Joyce Bender with children with disabilities in Indonesia
People with disabilities need paychecks, not pity
“I am on a crusade to find competitive employment for people living with disabilities. No matter where you live in the world, if you have a disability, you are my brother or my sister. Remember people with disabilities “Need Paychecks, not Pity.” Joyce Bender
Meet Joyce Bender, Disability rights champion. Change-maker. Business owner. Friend.
Joyce Bender is someone you need to know. I first met Joyce Bender in 2009 when I joined the Board of Directors for the American Association of People with Disabilities (AAPD). Joyce was a fellow Board member and also a mentor. Over the years we have worked together on many issues facing people with disabilities while serving on the AAPD Board. Joyce is a tour de force in the disability rights community and a successful business owner, Bender Consulting Services. She’s tenacious, persistent, and gets things done. Through her work on disability-serving Boards and through her business, she’s changed the lives of countless individuals and their families. I’m proud to call her a friend and a colleague.
I sat down with Joyce recently and asked her a few questions
~ Fred Maahs, Jr.
A few years ago you began the Bender Leadership Academy, tell us about it
The Bender Leadership Academy was started two years ago. It is a for-profit company where we teach high school students with disabilities about the world of work and how to deal with bullying. The academy is not yet offered internationally.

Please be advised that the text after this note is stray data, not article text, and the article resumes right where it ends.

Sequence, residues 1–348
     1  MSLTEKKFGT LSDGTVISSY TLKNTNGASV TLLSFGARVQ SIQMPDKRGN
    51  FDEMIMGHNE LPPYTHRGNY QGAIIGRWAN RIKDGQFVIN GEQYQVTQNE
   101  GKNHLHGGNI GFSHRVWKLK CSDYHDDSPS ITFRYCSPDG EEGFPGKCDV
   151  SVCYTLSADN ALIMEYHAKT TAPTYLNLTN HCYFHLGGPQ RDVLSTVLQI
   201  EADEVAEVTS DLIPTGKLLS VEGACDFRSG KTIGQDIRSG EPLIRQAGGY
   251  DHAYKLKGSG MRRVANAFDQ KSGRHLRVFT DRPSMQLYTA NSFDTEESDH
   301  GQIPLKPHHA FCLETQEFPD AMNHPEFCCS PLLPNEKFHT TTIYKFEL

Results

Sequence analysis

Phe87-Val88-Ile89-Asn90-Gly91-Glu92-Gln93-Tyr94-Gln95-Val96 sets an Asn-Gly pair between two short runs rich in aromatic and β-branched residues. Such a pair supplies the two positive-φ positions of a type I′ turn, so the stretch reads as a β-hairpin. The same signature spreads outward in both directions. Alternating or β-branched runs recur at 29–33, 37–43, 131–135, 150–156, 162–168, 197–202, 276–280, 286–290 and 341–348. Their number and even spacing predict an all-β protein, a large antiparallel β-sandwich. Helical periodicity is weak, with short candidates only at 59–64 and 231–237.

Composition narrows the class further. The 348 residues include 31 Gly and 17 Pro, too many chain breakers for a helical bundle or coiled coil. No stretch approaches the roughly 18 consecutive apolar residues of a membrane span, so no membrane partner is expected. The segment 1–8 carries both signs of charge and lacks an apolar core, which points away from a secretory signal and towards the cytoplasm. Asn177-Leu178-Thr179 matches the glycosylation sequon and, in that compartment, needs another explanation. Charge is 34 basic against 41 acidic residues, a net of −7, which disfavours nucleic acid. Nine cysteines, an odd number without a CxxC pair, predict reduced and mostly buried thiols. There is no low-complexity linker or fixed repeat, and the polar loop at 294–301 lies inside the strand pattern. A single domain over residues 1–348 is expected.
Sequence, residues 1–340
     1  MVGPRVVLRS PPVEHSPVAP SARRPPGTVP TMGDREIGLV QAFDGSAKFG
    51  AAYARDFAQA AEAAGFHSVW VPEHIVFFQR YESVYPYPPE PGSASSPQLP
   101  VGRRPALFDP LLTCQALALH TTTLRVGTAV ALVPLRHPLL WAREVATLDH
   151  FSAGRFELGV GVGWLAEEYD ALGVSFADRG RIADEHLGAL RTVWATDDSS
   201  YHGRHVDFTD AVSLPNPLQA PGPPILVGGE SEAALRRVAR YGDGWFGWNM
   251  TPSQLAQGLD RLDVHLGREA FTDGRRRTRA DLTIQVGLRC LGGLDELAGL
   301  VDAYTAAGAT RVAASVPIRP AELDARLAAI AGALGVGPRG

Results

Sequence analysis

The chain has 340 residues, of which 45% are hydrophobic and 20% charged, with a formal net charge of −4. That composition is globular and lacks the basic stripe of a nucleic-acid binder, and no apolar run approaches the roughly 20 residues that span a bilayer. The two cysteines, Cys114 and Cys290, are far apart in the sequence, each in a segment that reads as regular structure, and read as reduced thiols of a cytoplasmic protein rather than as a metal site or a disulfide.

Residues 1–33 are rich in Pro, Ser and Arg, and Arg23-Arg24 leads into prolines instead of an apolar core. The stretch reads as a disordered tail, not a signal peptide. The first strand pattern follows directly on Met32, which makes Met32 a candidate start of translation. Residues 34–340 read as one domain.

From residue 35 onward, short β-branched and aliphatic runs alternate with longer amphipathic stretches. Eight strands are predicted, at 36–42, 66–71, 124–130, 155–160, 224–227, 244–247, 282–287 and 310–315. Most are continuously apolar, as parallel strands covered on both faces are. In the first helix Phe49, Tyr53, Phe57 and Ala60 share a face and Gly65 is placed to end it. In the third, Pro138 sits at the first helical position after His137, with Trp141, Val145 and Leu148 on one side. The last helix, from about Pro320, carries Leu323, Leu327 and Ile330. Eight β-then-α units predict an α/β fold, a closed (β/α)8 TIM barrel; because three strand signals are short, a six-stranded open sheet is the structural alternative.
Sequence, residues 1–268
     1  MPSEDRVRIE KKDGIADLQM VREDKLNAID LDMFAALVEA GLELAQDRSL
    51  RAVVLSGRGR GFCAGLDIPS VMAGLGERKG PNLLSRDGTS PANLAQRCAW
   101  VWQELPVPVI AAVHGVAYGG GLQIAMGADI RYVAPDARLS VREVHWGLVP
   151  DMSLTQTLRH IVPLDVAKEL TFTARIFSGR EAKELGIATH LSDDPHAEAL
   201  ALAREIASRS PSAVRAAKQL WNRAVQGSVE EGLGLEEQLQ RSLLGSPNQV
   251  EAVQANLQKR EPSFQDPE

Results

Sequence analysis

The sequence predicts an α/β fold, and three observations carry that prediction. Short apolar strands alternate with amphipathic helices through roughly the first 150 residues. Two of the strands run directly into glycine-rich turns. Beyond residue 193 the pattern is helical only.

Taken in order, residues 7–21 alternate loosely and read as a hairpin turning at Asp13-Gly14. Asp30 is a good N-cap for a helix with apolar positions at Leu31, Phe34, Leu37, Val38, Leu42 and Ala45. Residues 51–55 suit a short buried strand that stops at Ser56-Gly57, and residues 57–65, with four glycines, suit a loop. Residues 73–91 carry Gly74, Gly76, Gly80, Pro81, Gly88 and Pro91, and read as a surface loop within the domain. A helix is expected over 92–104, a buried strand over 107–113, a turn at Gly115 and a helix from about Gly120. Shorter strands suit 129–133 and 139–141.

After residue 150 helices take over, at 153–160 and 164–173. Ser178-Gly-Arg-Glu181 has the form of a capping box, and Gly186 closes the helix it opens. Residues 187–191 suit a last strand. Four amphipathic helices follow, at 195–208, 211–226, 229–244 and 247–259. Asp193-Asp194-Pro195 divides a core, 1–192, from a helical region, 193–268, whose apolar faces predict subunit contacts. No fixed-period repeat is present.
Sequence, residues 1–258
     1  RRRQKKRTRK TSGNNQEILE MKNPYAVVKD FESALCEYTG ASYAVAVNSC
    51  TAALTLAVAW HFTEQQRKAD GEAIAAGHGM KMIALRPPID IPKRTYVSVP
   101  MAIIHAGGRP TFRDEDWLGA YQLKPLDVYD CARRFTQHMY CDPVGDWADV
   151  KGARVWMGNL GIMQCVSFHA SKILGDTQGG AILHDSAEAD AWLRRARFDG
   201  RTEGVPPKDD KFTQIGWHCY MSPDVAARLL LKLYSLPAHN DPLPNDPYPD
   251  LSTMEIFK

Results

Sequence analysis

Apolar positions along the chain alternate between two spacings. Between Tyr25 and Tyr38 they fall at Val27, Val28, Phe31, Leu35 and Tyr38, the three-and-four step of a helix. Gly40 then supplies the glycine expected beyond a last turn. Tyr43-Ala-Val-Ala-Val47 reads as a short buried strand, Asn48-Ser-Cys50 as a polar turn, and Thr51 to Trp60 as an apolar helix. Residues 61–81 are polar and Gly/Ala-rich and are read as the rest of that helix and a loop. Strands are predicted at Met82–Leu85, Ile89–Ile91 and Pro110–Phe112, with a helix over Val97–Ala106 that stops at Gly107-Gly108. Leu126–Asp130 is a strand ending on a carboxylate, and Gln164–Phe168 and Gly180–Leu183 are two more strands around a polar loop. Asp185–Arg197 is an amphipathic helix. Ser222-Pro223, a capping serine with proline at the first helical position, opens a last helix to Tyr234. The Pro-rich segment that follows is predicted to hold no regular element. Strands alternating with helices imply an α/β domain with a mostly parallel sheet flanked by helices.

Bender Consulting Services is a for profit company with different lines of businesses which include Talent Programs, Strategic Planning, Digital Accessibility, Executive Search and our software product, iDisability.
How did you become interested in helping people with disabilities?
My first close interaction with a person with a disability was Jim Homme, a person who is blind and is today my employee. After meeting students like Jim at a Community College, I found out how terrible the unemployment rate was for people with disabilities and that started me on my current journey.
When did you first experience a tonic-clonic epileptic seizure, and how did you deal with it? How do you manage your Epilepsy now?
I did not know I had epilepsy until 1985 after an almost fatal accident. I did have “faints” off and on as I was growing up, but it was never diagnosed as epilepsy. Today, I am on a medication that pretty much controls my seizures.
You’ve managed to take your disability and show others that you can still live your life, go to college, and have a successful career. What advice would you give a young person who has a disability and may not realize the future can hold a lot for them.
Never lower the bar. Disability is just part of who you are. It does not define you. Disability is a culture, not a medical model.
You’ve traveled quite a bit as a person with a disability. What are some of your most memorable, or perhaps, most educational trips you’ve taken?
Indonesia, Japan, South Korea, Panama and Kazakhstan, at the request of the US. State Department. The purpose of those trips, at the request of the country’s embassies, was to discuss the employment of people with disabilities. They were all wonderful and informative trips where I left wanting to take home everyone I met. I also am doing virtual presentations for Tunisia and Libya.
We believe that disability rights are human rights. In what ways should our government do more to help people with disabilities live more independently?
I wish the government would enforce Section 503 of the Rehab Act Prohibits employment discrimination against qualified individuals with disabilities. Without employment, people with disabilities will never live the American dream. I also wish they would enforce Section 508 so all people would have access to websites.
When you’re not working to improve the lives of people with disabilities, what do you like to do in your spare time?
I enjoy cooking, gardening, reading and fly fishing. I also love bird watching.